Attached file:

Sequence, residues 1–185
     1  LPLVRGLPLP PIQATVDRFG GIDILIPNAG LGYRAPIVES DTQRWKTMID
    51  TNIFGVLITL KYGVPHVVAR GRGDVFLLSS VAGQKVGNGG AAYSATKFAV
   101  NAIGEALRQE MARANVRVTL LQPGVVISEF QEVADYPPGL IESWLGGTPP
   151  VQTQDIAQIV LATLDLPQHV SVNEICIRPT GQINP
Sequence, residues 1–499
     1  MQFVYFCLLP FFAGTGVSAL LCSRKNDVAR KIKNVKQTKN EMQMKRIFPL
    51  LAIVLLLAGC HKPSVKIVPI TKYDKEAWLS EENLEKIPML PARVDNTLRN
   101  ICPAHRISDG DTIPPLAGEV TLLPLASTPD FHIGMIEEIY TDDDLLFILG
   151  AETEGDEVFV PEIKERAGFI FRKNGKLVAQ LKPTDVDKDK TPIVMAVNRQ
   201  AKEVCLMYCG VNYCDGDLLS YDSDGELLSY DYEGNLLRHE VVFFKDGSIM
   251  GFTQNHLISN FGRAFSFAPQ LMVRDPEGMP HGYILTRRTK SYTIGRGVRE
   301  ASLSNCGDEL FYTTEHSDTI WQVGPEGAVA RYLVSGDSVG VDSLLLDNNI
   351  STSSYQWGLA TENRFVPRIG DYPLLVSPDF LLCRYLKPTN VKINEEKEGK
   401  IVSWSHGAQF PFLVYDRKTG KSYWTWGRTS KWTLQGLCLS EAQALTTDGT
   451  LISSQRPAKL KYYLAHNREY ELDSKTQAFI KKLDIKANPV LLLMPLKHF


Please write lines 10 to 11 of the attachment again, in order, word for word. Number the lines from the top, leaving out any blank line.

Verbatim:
   151  AETEGDEVFV PEIKERAGFI FRKNGKLVAQ LKPTDVDKDK TPIVMAVNRQ
   201  AKEVCLMYCG VNYCDGDLLS YDSDGELLSY DYEGNLLRHE VVFFKDGSIM